The United States is also, by far, the largest recipient of Canadian military goods. Despite the lack of transparency in this regard, Project Ploughshares estimates that Canadian exports of military goods to the U.S. are worth as much as $2 billion annually, and this is typically more than half of total Canadian military exports. In the end, with Bill C-47 in its current form, the majority of Canadian military exports will neither be reported nor subject to export permit requirements, even after Canada joins the ATT.

Critically, the United States is not an ATT state party and is not expected to become one in the near future. Canada, on the other hand, will be a state party, and the expectation is that all its arms export regulations will be entirely consistent with the provisions of the treaty.

The notion that Canada’s arrangement with the U.S. is consistent with the treaty simply does not hold water. If such an arrangement were acceptable, imagine that every ATT state party exempted their largest recipient of military exports from both reporting and licensing obligations, even when the recipient is not an ATT state party.

Clearly, this would defeat the purpose and aspiration of the treaty to have the highest possible universal standards. The whole regime upon which the treaty is founded would crumble under the weight of its ineffectiveness.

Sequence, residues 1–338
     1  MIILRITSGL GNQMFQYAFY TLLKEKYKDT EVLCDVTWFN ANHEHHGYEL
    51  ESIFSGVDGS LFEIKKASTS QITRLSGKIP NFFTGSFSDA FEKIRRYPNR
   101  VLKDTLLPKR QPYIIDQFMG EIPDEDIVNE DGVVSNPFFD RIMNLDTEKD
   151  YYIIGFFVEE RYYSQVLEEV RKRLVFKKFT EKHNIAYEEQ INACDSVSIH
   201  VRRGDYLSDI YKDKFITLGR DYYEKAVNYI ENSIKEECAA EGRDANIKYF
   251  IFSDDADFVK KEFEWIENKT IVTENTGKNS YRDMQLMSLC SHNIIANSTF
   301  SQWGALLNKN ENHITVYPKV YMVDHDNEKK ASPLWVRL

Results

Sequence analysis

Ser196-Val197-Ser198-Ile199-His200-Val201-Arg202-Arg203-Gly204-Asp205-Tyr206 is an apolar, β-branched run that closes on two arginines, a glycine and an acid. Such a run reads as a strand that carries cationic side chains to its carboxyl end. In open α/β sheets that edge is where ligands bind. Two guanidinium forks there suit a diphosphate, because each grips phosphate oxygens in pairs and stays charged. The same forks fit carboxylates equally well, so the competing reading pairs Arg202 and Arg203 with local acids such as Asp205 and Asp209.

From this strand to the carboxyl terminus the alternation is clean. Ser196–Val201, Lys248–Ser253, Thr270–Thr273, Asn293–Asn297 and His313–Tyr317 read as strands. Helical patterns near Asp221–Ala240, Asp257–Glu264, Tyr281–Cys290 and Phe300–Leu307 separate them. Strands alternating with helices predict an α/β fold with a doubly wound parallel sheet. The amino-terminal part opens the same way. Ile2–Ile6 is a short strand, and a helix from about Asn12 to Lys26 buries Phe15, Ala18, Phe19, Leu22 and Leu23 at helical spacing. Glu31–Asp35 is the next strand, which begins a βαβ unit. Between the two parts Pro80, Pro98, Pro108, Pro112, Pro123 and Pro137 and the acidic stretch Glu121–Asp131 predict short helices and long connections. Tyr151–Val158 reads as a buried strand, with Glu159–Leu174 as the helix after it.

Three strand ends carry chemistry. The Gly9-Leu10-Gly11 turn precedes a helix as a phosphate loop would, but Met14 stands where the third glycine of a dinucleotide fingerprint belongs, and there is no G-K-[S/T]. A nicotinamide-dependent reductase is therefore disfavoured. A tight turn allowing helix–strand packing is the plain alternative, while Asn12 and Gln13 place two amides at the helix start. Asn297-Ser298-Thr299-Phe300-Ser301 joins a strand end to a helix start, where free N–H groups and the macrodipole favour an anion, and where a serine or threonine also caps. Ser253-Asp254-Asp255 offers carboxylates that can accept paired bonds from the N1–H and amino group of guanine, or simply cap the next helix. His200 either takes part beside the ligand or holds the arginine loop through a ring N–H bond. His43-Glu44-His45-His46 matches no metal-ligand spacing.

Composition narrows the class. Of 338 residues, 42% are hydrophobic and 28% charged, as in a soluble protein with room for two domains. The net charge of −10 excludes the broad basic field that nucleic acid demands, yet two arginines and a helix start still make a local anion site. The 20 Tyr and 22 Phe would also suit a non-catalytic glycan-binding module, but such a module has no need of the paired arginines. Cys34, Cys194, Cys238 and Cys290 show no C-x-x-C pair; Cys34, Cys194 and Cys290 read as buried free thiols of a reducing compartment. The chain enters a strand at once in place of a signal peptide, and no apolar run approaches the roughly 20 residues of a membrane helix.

Distinguished committee members, I would be remiss if I did not take this opportunity to highlight what I consider to be the most egregious challenge to the otherwise welcome rhetoric we have heard from Global Affairs Canada about the commitment to greater rigour and transparency around Canadian arms exports. I’m talking about continued exports to Saudi Arabia. The arguments given thus far for arming Saudi Arabia have all been morally and legally unconvincing. Ottawa now claims that stopping arms shipments may result in hefty financial penalties.

How can it be that the Government of Canada’s sovereign mandate, prerogative, and obligation to faithfully implement the law, including cancellations of export permits, as the Minister of Foreign Affairs confirmed before this committee two days ago, are somehow subordinated to the language of a commercial contract and considerations of financial expediency?

The government’s explicit recognition of its sovereign prerogative to freeze arms exports to Saudi Arabia, while not actually exercising this prerogative, only gives the illusion of firmness. As the debate unfolds, Canadian arms exports continue to be sent to Saudi Arabia, which is also the chief instigator of the devastating humanitarian crisis in Yemen, now on the brink of the worst famine in a century.

Our government speaks loudly and proudly of Canada as a beacon of human and women’s rights. It touts its commitment to more stringent and transparent arms control regulations at every opportunity. It says it will be firm when human rights violations occur. It declares feminism and the pursuit of a rules-based international order to be key pillars of Canada’s engagement with the world. But, as Canada continues arming one of the worst human and women’s rights violators on the planet, the gap between rhetoric and reality is becoming wider.

In this context, we encourage all stakeholders, including members of this committee, to seek strong, effective legislation for Canadian arms exports that is truly in line with modern expectations of rigour, accountability and transparency in the global arms trade, including full compliance with the obligations of the Arms Trade Treaty. Thank you.